Another thing to consider is the type of images you're looking to take. If you're wanting to manipulate the lighting, angle, focus, zoom, etc., your phone camera has limited options for those manipulations but the sky's the limit on digital cameras. 

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Pictures With Your Phone 

We've seen lots of volunteers travel around with just their phones, and I can see why. I love that I always have my phone with me, meaning I can snap a picture wherever I am — not always the case when there were times I didn't have my Nikon camera with me. 

While there are a few phones to choose from with great cameras, I actually upgraded my iPhone a few weeks before a big international trip because I knew I wasn't packing my Nikon, but still wanted great photos (something my old phone wouldn't be great at). I was several years behind the newest iPhone so the camera improvement was a huge upgrade for me. The newer iPhones have focused on the camera, which means I can now adjust the focus and exposure, shoot with an "extra-wide" lens, and capture pictures in low light. I love it. 

If you're just wanting pictures to remind you of your trip or aren't a big picture person, the camera on the phone you already have might be just perfect. If you are traveling with an older phone and want better pictures and more picture-taking options, maybe an upgrade would be worth the investment.

A Few Recommendations 

Waterproof it — One major major recommendation volunteers have for traveling with just your phone is waterproofing — especially if you're going somewhere where you'll be doing a lot of swimming, snorkeling, waterfall treks, walks in rainy weather, etc. A very affordable way to do this is to slip your phone into a waterproof pouch —  get it on Amazon. Some volunteers have said they prefer this over a GoPro since they're now able to get great pictures and videos underwater without spending the money for a GoPro.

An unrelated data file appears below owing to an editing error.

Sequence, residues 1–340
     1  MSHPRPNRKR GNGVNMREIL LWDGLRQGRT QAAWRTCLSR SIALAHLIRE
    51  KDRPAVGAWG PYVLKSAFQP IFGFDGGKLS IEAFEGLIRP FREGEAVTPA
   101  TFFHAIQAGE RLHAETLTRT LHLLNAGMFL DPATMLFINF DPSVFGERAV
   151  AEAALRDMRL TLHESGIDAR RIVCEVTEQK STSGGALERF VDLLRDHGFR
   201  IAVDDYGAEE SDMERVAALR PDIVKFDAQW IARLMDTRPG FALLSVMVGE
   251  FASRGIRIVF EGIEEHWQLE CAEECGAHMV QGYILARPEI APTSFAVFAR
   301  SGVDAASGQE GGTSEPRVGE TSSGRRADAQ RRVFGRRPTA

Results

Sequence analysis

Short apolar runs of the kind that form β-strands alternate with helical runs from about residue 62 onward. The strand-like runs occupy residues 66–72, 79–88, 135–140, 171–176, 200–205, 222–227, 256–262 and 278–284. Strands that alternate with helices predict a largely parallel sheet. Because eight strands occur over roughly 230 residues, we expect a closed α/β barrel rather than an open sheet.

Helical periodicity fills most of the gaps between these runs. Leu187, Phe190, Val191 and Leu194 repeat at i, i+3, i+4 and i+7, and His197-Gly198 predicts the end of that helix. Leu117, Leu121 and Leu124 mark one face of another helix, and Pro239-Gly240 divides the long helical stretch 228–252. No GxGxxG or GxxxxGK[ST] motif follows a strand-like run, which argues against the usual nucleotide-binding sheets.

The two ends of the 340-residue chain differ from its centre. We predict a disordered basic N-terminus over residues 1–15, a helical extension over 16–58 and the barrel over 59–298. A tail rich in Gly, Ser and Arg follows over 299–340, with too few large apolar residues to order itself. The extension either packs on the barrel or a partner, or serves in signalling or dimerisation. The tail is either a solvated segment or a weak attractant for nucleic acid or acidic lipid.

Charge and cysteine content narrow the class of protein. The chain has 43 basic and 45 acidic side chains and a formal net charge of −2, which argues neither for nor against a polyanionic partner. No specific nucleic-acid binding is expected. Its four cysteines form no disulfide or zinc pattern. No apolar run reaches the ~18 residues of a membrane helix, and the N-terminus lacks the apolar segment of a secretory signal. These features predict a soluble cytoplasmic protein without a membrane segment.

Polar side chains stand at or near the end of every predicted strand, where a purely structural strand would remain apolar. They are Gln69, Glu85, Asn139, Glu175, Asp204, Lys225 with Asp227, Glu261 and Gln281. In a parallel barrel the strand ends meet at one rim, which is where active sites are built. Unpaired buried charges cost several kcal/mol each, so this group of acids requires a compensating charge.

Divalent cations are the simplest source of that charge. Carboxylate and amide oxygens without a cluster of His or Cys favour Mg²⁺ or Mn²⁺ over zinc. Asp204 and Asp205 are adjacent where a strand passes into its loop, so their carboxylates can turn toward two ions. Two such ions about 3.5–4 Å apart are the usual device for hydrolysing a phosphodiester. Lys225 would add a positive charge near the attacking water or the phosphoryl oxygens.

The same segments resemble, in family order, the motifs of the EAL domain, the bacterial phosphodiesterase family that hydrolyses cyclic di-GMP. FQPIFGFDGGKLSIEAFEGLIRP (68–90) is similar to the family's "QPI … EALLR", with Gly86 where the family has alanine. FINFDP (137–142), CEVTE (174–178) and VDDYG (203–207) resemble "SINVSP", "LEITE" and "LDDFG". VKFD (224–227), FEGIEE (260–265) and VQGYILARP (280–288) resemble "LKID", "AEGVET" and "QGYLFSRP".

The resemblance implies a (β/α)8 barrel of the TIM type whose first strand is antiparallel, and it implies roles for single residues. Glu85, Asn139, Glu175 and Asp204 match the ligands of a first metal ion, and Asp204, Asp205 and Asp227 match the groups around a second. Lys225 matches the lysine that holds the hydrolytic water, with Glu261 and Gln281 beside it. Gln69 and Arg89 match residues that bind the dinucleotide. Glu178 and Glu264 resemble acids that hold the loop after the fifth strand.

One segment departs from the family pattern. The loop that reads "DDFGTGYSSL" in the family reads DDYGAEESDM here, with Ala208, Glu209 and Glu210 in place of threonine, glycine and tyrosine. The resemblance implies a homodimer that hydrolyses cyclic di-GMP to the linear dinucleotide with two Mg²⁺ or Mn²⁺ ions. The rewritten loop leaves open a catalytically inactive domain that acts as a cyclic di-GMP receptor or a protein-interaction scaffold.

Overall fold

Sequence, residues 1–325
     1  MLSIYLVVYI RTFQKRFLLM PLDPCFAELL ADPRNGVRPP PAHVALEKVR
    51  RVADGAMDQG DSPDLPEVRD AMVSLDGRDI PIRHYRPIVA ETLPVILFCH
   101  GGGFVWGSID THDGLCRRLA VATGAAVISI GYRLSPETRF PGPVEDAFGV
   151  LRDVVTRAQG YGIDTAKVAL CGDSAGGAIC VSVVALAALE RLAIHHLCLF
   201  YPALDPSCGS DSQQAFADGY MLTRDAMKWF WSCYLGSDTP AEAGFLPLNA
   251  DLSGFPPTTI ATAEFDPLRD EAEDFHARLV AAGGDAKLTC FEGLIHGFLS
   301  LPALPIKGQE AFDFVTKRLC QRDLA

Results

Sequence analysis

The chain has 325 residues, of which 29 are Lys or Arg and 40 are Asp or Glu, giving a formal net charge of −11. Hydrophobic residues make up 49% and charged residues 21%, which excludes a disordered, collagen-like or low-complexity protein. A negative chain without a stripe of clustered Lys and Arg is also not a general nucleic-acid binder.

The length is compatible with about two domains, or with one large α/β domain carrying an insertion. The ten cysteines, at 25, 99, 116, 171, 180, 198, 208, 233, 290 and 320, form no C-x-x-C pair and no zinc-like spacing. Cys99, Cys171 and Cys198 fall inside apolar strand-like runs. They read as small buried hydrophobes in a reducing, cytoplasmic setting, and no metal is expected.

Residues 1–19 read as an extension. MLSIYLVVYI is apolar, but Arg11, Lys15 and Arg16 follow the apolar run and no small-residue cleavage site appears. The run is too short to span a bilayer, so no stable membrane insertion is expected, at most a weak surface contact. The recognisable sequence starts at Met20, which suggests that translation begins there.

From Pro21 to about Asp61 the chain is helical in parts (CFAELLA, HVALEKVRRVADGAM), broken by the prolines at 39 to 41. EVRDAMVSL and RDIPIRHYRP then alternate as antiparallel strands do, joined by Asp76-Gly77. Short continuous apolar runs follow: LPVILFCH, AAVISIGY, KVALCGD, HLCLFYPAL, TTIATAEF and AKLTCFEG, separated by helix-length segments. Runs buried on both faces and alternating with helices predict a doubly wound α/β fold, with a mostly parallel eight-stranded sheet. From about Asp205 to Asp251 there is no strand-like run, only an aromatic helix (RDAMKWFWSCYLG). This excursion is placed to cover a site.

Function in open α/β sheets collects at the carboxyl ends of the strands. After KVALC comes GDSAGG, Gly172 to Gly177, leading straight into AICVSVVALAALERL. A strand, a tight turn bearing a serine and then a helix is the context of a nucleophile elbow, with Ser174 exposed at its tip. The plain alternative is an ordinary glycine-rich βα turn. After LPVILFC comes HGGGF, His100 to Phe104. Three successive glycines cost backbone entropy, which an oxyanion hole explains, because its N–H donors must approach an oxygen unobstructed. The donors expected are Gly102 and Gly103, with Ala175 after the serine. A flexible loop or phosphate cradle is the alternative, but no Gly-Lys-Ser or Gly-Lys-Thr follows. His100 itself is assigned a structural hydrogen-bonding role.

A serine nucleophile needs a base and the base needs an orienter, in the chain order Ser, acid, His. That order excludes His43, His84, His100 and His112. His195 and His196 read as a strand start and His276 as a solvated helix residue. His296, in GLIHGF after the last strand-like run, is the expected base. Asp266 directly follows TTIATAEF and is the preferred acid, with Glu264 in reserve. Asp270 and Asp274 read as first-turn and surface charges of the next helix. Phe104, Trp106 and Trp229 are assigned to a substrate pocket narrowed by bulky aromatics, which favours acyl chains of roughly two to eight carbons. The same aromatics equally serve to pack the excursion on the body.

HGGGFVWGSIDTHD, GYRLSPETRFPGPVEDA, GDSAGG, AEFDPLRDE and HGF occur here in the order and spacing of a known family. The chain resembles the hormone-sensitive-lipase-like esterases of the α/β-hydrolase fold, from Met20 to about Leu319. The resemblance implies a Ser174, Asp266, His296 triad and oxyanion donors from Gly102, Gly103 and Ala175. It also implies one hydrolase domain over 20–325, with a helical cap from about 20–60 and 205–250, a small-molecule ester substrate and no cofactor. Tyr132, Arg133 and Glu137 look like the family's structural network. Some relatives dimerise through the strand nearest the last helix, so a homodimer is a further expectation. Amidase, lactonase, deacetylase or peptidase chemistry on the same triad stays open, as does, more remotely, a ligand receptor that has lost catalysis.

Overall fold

Storage + Backup — Another tip volunteers suggest for phone photos on a trip is backing up your images. You don't want to lose your photos if your phone breaks, gets lost, or gets stolen (which, unfortunately, have all happened to volunteers before). We have a whole post about storage options here to look into. 

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Bringing A GoPro

"Should I bring a GoPro or not?" is an especially popular question for volunteers in sunny and tropical locations are asking — we have a few volunteers who have weighed in on the debate: 

The biggest takeaway is having some waterproof way to take pictures. Volunteers in the Caribbean mention that they loved either having their own phone in a waterproof phone case or having their GoPro with them. However, there are a few people who preferred a GoPro for a few reasons. 

One volunteer said, "GoPro all the way! It's smaller and so much easier to manage while you're being active in the water. I was in the Dominican Republic and used my GoPro almost every single day". 

Another volunteer had this to say "I love my GoPro and I gotta be honest, if I'm traveling anywhere where I think I'm going to be in the water I definitely want my GoPro with me. It's just so fun for water shots that I probably wouldn't have gotten with my phone or any other camera. If you love to travel, it might be worth bringing one (or hoping that someone in your ILP group has one!). You don't need a GoPro, but it makes it crazy easy to capture really fun video so if it's in your budget, I say go for it."